Crossing back and forth between 1992 and various dates during the WWII years, the novel opens as the present runs up against the past. A mysterious letter arrives fifty years too late, and Edie Burchill, a thirty-year-old London book editor, wonders why its contents would cause her mother such distress. Perhaps if Juniper Blythe's long-ago missive to Meredith Burchill had reached her in time, Juniper might have been spared the madness that befell her in her youth.
Evacuated out of London with other children during the war in anticipation of German bombings, Meredith had spent a year living at Milderhurst Castle in Kent, where she and brilliant, eccentric Juniper had become the best of friends, despite their slight age difference. Their friendship was not to last. Persephone and Seraphina Blythe, Juniper's now-elderly twin sisters, have cared for their fragile younger sibling ever since the terrible night in 1941 when Juniper's fiance deserted her, and she lost her mind as a result.
Edie's visit to the castle in search of answers serves as the catalyst for a series of disquieting revelations about the Blythes and further insight into the complicated dynamics within her own family. When Edie learns of Juniper's family connection to Raymond Blythe, the reclusive author who penned the beloved (and intensely creepy) children's novel The True History of the Mud Man, she grows even more intrigued. No one ever knew what inspired him to write the book; it has remained an unsolved mystery.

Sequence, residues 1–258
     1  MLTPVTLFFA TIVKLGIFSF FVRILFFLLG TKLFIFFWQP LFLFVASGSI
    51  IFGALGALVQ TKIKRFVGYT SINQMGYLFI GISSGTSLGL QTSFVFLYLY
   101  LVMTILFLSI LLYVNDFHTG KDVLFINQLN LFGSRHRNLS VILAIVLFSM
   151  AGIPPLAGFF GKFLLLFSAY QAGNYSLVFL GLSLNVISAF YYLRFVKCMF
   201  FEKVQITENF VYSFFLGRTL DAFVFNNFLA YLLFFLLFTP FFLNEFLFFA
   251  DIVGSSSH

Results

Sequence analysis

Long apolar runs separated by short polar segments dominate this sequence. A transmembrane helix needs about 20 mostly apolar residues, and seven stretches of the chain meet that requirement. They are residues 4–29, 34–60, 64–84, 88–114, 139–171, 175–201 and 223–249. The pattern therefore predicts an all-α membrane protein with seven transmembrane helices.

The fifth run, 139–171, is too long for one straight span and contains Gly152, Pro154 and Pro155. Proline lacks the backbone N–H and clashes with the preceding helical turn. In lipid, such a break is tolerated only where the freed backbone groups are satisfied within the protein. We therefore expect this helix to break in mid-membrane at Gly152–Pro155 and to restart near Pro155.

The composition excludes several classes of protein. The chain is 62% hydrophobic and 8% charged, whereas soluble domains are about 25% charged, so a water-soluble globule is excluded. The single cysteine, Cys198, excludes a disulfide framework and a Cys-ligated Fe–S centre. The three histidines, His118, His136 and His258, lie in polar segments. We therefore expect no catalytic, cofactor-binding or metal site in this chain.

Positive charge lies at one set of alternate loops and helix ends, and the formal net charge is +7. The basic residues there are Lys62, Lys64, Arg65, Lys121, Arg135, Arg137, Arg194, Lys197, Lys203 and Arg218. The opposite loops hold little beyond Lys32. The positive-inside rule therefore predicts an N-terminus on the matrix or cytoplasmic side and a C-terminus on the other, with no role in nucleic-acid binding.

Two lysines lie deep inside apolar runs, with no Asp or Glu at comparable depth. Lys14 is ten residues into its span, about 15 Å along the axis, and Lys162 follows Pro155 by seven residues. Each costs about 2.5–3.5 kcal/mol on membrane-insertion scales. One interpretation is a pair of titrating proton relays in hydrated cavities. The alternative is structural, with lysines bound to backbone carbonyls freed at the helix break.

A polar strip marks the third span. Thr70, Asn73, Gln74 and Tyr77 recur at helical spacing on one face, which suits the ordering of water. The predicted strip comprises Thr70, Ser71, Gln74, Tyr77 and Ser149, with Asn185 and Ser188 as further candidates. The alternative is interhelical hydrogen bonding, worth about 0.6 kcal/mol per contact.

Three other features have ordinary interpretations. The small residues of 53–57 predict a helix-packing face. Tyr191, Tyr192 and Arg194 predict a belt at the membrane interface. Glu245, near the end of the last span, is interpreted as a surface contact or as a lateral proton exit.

The Distant Hours is the type of novel you inhabit rather than simply read, and I found it satisfying on every level. I admired Morton's clever use of point of view and how it illustrated how younger generations view those who came before them. It would be an excellent read-alike choice for anyone who enjoyed Diane Setterfield's The Thirteenth Tale, Sarah Waters's The Little Stranger, and others of that ilk. Within its suspenseful plotline, successive aspects of a convoluted mystery lock into place one by one, and the final revelation is a stunner. Most of all, it's a celebration of the power of stories and how they can burrow deeply into our lives. This one certainly had that effect on me.
The Distant Hours is published on November 9th by Atria at $26.00/C$29.99 (672pp, hardbound).